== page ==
Expensing $500.00 $0.00 $0.00 $0.00 $0.00 $500.00
Present Value $500.00 $0.00 $0.00 $0.00 $0.00 $500.00
Neutral Cost Recovery $100.00 $104.00 $108.16 $112.49 $116.99 $541.63
Present Value $100.00 $100.00 $100.00 $100.00 $100.00 $500.00

The third row shows what NCR would look like. Under NCR, a company still needs to depreciate assets over time according to a schedule. However, annual deductions are adjusted by an interest rate to offset the declining value of deductions over time. In the first year, the deduction is the same as it is under current law. But as time goes on, the deductions grow in nominal terms. The second year, the company deducts $104 and the next year $108. These larger annual deductions end up offsetting the impact of the declining value of money over time. What you can see is that the present value of the deduction remains constant.

For companies, this means that they get the full value of their deduction as if they expensed it all at once. This would come with the same economic benefits: a marginal tax rate of zero on new investment and the higher output, wages, and employment that is associated.

For the federal government, this has the effect of phasing in the cost of full expensing slowly over time.

As mentioned above, expensing reduces revenue significantly in the short run. This is because companies in the first few years after enactment are taking both full deductions for new investments and continuing to take deductions for investments they made in previous years. In the first few years, this greatly reduces corporate taxable incomeTaxable income is the amount of income subject to tax, after deductions and exemptions. For both individuals and corporations, taxable income differs from—and is less than—gross income. and corporate tax revenues. However, the cost comes down significantly as old investments are retired.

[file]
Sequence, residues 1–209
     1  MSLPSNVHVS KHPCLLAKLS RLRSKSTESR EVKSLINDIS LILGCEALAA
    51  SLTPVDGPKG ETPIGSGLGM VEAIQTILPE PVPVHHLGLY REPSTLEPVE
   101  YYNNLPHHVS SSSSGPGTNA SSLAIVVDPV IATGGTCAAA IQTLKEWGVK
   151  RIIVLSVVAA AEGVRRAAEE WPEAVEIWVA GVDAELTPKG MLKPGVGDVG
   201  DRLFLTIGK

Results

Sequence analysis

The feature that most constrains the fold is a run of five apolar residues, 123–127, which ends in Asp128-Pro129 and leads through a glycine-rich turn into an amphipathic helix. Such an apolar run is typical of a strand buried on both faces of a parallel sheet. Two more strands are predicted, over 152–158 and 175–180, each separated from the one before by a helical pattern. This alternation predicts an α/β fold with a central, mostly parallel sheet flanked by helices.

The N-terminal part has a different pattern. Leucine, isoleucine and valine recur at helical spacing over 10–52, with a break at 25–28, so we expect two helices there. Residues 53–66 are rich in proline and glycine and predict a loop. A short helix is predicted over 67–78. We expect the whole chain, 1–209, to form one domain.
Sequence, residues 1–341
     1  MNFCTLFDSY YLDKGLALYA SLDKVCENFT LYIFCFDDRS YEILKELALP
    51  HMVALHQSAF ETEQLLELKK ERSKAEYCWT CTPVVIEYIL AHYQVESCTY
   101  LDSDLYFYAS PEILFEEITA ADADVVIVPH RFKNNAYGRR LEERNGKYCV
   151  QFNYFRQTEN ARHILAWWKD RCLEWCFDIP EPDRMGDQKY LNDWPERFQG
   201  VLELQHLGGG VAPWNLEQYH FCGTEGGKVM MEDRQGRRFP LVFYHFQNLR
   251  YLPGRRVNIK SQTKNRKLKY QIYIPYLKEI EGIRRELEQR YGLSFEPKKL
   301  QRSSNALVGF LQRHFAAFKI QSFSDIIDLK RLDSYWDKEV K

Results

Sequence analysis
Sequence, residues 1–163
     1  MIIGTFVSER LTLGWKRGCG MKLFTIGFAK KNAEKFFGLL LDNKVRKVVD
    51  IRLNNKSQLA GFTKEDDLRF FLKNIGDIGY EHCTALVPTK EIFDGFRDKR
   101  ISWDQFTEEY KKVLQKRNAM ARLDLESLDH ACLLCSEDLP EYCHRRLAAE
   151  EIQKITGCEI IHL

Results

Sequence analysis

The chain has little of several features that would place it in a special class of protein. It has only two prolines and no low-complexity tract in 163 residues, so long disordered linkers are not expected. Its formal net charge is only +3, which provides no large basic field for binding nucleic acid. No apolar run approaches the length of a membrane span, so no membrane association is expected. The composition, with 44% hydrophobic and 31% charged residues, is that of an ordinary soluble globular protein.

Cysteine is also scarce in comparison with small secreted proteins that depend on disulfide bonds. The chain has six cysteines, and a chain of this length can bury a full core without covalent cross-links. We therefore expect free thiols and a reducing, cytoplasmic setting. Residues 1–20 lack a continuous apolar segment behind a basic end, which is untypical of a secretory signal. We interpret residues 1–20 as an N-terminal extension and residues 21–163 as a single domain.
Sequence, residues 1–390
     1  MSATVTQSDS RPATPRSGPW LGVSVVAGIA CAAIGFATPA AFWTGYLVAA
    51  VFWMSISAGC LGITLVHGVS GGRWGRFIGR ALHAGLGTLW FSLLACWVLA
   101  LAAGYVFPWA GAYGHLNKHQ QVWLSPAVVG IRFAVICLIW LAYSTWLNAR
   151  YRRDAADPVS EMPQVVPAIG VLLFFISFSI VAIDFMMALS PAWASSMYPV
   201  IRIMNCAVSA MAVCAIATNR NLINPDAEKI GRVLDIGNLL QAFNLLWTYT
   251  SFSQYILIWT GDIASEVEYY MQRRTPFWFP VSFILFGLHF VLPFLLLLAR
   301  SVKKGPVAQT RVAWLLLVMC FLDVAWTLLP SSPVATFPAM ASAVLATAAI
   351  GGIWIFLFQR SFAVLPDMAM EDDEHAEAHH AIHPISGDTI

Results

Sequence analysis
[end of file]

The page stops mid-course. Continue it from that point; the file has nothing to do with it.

In the chart below, you see that expensing reduces federal revenue the most in the first five years. In later years, the cost comes down significantly to about 0.3 percent of GDP on annual basis.

Annual Cost of Full Expensing vs. Neutral Cost Recovery as a Percent of GDP, 2017-2036

Under NCR, you don’t get the same bulge in deductions. Instead, corporate taxable income shrinks slowly over time as companies take progressively larger deductions for new investments.

Unsurprisingly the steady-state revenue impact of NCR ends up being identical to that of expensing. This makes sense: if your interest rate adjustment to depreciation deductions offsets the time value of money, the total stream of deductions for a given investment will exactly equal a complete upfront deduction in present value.

The obvious advantage of NCR is that it doesn’t come with the same up-front costs as full expensing. This makes it easier to construct a revenue-neutral tax reform plan within the budget window. But since the annual cost ends up matching that of expensing, it still requires offsets in later years. This is an important consideration if tax reform is done through reconciliation. The tax plan would need to comply with the Byrd Rule and not increase deficits outside the budget window.

There are a couple of downsides with NCR compared to expensing. The federal government will still have a system of depreciation, which requires defining which assets qualify for which depreciation schedule, which keeps the tax code more complex than necessary. However, there is no reason NCR couldn’t be paired with a significant simplification of the depreciation system. And lawmakers could pair NCR with expensing by providing expensing for short-lived assets and smaller businesses and NCR for long-lived assets and large companies.

Another potential downside is that some companies may have internal discount rates in excess of what the government adjusts the depreciation schedules. The discount rate companies use for investments can vary based on the firm’s cost of borrowing and the risk of a given investment. An adjustment of 4 percent may be good for one investment, but insufficient for another. Companies may also have inconsistent discount rates over time. Neither of these issues are a concern with full expensing because all companies, regardless of their discount rate, get a full deduction in the first year.

Full expensing of capital investments is probably the single most significant tax change lawmakers could make to encourage economic growth. However, it can come with large up-front costs. Although those costs are only temporary, they can also be addressed with “neutral cost recovery” (NCR). NCR basically phases in the cost of expensing slowly while providing an immediate benefit to new investment.